The county hired Larry Kuykendall of Moorefield, a telecommunications specialist, to review Cingular's application. He pronounced it "technically sound" buit hired an outside firm to assess the accuracy of Cingular's estimates of signal strength and need to exceed tower hgiegh limits. The independent analysis confirmed Cingular's technical assessment.
Lewis said the county asked Cingular to respond to some minor questions, and "once I had that stuff we were ready to go to hearing."
But along the way, the company apparently decided the county's ordinances was too restrictive and costly and that it would be cheaper and easier to use its budget for new tower construction elsewhere.
From the git-go, Cingular expressed displeasure with the ordinance, even though it eventually went ahead and filed construction applications, asking only to be exempt from requirements for burying electrial lines and providing vegetated barries at tower sites.
The planning commission indicated a willingness to grant those waivers.
The county's tower ordinance was drafted in 2001 by Richard Commiunications, a New York consultant, who was working with Hemphill, an Oklahoma tower builder, and the county for construction of the towers at Caledonia Heights and Helmick rock.
The ordinance requires that an applicatn for wireless transmission must give preference to renting space on existing county or privately owned towers; deposit $8,500 in escrow even before a formal application for a new tower is made, and must pay a $5,000 special permit fee for each tower.
Cingular said the Hemphill towers and unused county-owned tower in Wardensville were unacceptable for their use.
"It's like the perfect storm for a tower company like ourselves," Stakes told the Examiner last November. He said convincing Cingular's corporate "bean counters" to commit to Hardy County was a tough sell.
In the end, as Lewis interpreted his conversation last week with Stakes, Cingular decided to expend it's time, energy and money elsewhere.
If the county repeals the exsisting ordinance and adopts one "more beneficial to the county and to cell companies," two or three other cellular companies might be willing to come in, Lewis said.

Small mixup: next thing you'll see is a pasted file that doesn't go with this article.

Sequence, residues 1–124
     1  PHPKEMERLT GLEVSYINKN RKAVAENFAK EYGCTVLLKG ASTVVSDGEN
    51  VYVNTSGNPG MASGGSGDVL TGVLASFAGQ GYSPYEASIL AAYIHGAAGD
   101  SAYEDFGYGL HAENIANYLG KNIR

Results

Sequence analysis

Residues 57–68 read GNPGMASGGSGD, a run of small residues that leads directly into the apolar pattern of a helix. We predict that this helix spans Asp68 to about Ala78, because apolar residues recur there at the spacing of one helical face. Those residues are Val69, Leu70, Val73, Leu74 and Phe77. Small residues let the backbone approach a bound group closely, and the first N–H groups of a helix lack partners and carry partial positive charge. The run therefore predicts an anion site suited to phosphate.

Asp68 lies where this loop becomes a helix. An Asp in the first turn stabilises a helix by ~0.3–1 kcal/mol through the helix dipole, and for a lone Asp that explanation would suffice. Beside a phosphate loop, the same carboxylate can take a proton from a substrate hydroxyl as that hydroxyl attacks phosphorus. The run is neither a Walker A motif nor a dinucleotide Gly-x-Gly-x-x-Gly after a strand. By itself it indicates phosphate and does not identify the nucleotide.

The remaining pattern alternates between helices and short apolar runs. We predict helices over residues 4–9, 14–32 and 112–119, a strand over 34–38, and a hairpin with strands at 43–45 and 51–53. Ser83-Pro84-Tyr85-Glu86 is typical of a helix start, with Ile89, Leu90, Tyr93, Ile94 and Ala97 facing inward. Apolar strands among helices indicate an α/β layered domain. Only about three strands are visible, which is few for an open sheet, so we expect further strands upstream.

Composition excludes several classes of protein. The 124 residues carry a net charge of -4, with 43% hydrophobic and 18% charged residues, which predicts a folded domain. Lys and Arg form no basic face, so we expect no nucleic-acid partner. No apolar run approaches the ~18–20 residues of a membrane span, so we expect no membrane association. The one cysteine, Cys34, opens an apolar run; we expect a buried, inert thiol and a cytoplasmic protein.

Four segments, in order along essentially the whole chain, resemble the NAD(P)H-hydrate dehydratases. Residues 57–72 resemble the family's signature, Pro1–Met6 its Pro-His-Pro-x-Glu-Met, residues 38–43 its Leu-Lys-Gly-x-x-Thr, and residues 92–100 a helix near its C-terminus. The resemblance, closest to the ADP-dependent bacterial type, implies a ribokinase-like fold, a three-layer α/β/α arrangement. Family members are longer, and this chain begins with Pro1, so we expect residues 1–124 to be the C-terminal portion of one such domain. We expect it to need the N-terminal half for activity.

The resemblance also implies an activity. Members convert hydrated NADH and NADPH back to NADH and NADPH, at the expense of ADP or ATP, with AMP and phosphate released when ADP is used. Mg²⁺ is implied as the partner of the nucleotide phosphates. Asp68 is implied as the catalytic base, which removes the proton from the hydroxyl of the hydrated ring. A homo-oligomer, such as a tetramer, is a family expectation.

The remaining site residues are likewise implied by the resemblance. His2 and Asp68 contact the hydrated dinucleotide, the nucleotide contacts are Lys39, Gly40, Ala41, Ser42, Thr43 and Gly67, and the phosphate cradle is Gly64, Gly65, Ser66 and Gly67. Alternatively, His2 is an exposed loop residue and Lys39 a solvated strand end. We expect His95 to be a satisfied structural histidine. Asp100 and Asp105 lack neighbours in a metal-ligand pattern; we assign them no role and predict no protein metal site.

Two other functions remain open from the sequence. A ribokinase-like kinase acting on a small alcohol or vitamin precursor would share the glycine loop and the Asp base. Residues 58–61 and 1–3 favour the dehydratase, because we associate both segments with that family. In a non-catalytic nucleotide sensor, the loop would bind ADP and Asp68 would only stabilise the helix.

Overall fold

Planning Commission President David Heishman (husband to the editor / part owner of the Moorefield Examiner btw) said he would like the County Commission to consider putting a bond issue on the general election ballot so the county could build it's own towers and lease space on them to cellular companies.
"If people want cell service band enough, they'll get the money approved; if they don't, they won't," he said.
"I see it as two different issues. I would like to see the County Commission put up the towers and then do No. 2-find a cellular company to lease space. If we had a good tower system ... then you can hang almost anything on those towers you want."
Heishman said that the county could get state or federal grant money to assist in the financing.
A wireless tower of the height needed in mountainous terrain would cost between $100,000 and $150,000 to build, and the county would need 10 or 11 to provide something close to full coverage.
Lewis said the county has had preliminary discussions with Hemphill about purchasing outright or through lease-purchase the towers at Caledonia Heights and Helmick Rock. The county's contract with hemphill for free use of the towers for 911 service expires in December and there is no provision for automatic renewal.
While he doubts Hemphill will pull the plug on 911, he cannont be sure Hemphill will not use its leverage to negotiate more favorable leasing or sales terms. In the county's favor is the fact that Hemphill has never had a paying customer in the five yeras of the towers' exsistance.